Devika Rani in Nirmala (1938)
Devika Rani Chaudhuri
30 March 1908
|Died||9 March 1994 (aged 85)|
|Other names||Devika Rani Roerich|
|Occupation||Textile designer, actress, singer|
|Awards||Dadasaheb Phalke Award (1969)|
|Honours||Padma Shri (1958)|
Devika Rani Chaudhuri, usually known as Devika Rani (30 March 1908 – 9 March 1994), was an actress in Indian films who was active during the 1930s and 1940s. Widely acknowledged as the first lady of Indian cinema, Devika Rani had a successful film career that spanned 10 years.
Born into a wealthy, anglicized Indian family, Devika Rani was sent to boarding school in England at age nine and grew up in that country. In 1928, she met Himanshu Rai, an Indian film-producer, and married him the following year. She assisted in costume design and art direction for Rai's experimental silent film A Throw of Dice (1929).[a] Both of them then went to Germany and received training in film-making at UFA Studios in Berlin. Rai then cast himself as hero and her as heroine in his next production, the bilingual film Karma (1933), made simultaneously in English & Hindi. The film premiered in England in 1933, elicited interest there for a prolonged kissing scene featuring the real-life couple, and flopped badly in India. The couple returned to India in 1934, where Himanshu Rai established a production studio, Bombay Talkies, in partnership with certain other people. The studio produced several successful films over the next 5–6 years, and Devika Rani played the lead role in many of them. Her on-screen pairing with Ashok Kumar became popular in India.
Following Rai's death in 1940, Devika Rani took control of the studio and produced some more films in partnership with her late husband's associates, namely Sashadhar Mukherjee and Ashok Kumar. As she was to recollect in her old age, the films which she supervised tended to flop, while the films supervised by the partners tended to be hits. In 1945, she retired from films, married the Russian painter Svetoslav Roerich and moved to his estate on the outskirts of Bangalore, thereafter leading a very reclusive life for the next five decades. Her persona, no less than her film roles, were considered socially unconventional. Her awards include the Padma Shri (1958), Dadasaheb Phalke Award (1970) and the Soviet Land Nehru Award (1990).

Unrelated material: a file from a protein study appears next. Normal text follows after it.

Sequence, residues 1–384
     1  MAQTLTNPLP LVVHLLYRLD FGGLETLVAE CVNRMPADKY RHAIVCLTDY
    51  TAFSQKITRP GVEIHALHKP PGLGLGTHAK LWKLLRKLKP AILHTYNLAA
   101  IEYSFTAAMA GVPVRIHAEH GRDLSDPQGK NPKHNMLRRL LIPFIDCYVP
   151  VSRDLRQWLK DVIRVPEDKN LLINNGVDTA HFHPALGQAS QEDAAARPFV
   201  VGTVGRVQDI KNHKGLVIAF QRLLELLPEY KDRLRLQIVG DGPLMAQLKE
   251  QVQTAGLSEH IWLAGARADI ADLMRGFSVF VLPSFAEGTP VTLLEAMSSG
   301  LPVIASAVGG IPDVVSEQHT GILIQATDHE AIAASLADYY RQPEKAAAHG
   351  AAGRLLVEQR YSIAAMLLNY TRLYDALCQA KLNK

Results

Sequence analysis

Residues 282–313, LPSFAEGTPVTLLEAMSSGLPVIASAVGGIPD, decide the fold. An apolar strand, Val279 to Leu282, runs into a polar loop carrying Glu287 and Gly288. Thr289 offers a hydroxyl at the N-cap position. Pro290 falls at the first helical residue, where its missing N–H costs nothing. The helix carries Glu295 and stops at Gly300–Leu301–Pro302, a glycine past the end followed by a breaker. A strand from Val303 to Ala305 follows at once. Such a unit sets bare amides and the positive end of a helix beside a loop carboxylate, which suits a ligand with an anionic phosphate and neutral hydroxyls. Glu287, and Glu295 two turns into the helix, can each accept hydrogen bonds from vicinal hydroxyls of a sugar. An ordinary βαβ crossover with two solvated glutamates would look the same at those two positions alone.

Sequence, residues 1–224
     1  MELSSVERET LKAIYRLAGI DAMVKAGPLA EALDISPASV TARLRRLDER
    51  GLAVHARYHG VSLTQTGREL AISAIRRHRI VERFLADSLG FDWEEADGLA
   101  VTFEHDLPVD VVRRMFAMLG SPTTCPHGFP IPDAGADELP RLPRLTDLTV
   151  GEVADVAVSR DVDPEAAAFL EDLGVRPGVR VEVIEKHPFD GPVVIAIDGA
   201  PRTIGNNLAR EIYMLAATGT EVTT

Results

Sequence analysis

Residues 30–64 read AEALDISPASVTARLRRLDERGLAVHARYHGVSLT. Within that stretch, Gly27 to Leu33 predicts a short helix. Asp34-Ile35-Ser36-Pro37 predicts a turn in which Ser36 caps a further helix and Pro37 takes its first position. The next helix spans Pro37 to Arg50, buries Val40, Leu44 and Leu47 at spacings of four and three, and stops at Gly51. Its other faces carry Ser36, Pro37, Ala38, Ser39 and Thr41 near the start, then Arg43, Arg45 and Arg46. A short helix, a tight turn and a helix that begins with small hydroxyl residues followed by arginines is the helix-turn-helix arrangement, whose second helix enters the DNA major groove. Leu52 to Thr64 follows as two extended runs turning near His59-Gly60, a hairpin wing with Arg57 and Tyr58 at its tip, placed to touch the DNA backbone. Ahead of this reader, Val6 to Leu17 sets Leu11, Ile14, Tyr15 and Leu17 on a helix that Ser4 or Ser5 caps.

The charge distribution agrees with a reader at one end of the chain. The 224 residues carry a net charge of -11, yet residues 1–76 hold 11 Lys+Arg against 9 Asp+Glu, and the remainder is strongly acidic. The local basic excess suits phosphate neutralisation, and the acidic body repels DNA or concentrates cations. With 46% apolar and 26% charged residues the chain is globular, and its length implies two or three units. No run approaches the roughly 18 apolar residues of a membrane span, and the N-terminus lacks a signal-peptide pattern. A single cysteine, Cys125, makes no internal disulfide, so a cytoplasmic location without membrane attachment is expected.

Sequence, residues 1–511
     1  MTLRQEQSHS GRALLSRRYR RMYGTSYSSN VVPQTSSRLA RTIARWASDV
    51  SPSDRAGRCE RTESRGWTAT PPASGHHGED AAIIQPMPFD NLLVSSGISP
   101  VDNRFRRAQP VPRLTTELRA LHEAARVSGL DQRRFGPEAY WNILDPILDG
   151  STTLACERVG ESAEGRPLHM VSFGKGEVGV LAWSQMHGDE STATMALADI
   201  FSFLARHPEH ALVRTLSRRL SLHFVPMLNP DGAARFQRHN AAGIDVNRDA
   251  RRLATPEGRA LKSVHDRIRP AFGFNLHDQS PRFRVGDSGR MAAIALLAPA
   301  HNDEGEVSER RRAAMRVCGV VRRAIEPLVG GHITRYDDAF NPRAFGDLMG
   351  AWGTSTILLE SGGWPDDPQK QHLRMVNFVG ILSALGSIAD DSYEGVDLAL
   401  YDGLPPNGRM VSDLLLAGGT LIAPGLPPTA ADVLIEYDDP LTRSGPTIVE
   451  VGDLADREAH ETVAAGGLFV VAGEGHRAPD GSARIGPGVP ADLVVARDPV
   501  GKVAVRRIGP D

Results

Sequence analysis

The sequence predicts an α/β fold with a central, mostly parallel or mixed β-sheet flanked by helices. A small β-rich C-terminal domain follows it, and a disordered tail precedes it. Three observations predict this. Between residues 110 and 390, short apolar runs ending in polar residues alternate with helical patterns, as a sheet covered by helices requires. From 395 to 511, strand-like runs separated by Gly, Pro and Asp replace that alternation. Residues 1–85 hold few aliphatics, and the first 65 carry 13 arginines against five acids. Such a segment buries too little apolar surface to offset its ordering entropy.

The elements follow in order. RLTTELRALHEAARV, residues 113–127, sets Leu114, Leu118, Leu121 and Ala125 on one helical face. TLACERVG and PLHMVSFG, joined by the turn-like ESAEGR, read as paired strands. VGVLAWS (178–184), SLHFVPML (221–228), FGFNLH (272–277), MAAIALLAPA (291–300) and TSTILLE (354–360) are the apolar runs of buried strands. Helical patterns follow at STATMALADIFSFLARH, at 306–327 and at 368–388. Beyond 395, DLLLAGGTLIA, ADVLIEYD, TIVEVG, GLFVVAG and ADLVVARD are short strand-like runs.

Background and education
Devika Rani was born as Devika Rani Choudhary in Waltair near Visakhapatnam in present-day Andhra Pradesh, into an extremely affluent and educated Bengali family, the daughter of Col. Dr. Manmathnath Choudhary by his wife Leela Devi Choudhary.
Devika's father, Colonel Manmatha Nath Chaudhuri, scion of a large landowning zamindari family, was the first Indian Surgeon-General of Madras Presidency. Devika's paternal grandfather, Durgadas Choudhary, was the Zamindar (landlord) of Chatmohar Upazila of Pabna district of present-day Bangladesh. Her paternal grandmother, Sukumari Devi (wife of Durgadas), was a sister of the nobel laureate Rabindranath Tagore. Devika's father had five brothers, all of them distinguished in their own fields, mainly law, medicine and literature. They were Sir Ashutosh Chaudhuri, Chief Justice of Calcutta High Court during the British Raj; Jogesh Chandra Chaudhuri and Kumudnath Chaudhuri, both prominent Kolkata-based barristers; Pramathanath Choudhary, the famous Bengali writer, and Dr. Suhridnath Chaudhuri, a noted medical practitioner. The future Chief of Army Staff, Jayanto Nath Chaudhuri, was Devika's first cousin: their fathers were brothers to each other.
Devika's mother, Leela Devi Choudhary, also came from an equally educated family and was a niece of Rabindranath Tagore. Thus, Devika Rani was related through both her parents to the poet and Nobel Laureate Rabindranath Tagore. Her father, Manmathnath Choudhary, was the son of Sukumari Devi Choudhary, sister of Rabindranath Tagore. Devika's mother, Leela Devi Chaudhuri, was the daughter of Indumati Devi Chattopadhyay, whose mother Saudamini Devi Gangopadhyay was another sister of the Nobel laureate. Thus, Devika's paternal and maternal grandmothers were first cousins to each other, being the children of two sisters of Rabindranath Tagore. Nor was this all: Two of Devika's uncles (Chief Justice Sir Ashutosh and Pramathanath) were married to their first cousins (mother's brother's daughters), the nieces of Rabindranath Tagore: Prativa Devi Choudhury, wife of Sir Ashutosh Choudhary, was the daughter of Hemendranath Tagore, and Indira Devi Choudhary, wife of Pramathanath Choudhary, was the daughter of Satyendranath Tagore. Devika thus had extremely strong family ties to Jarasanko, seat of the Tagore family in Kolkata and a major crucible of the Bengali Renaissance.
Devika Rani was sent to boarding school in England at the age of nine, and grew up there. After completing her schooling in the mid-1920s, she enrolled in the Royal Academy of Dramatic Art (RADA) and the Royal Academy of Music in London to study acting and music. She also enrolled for courses in architecture, textile and decor design, and even apprenticed under Elizabeth Arden. All of these courses, each of them a few months long, were completed by 1927, and Devika Rani then took up a job in textile design.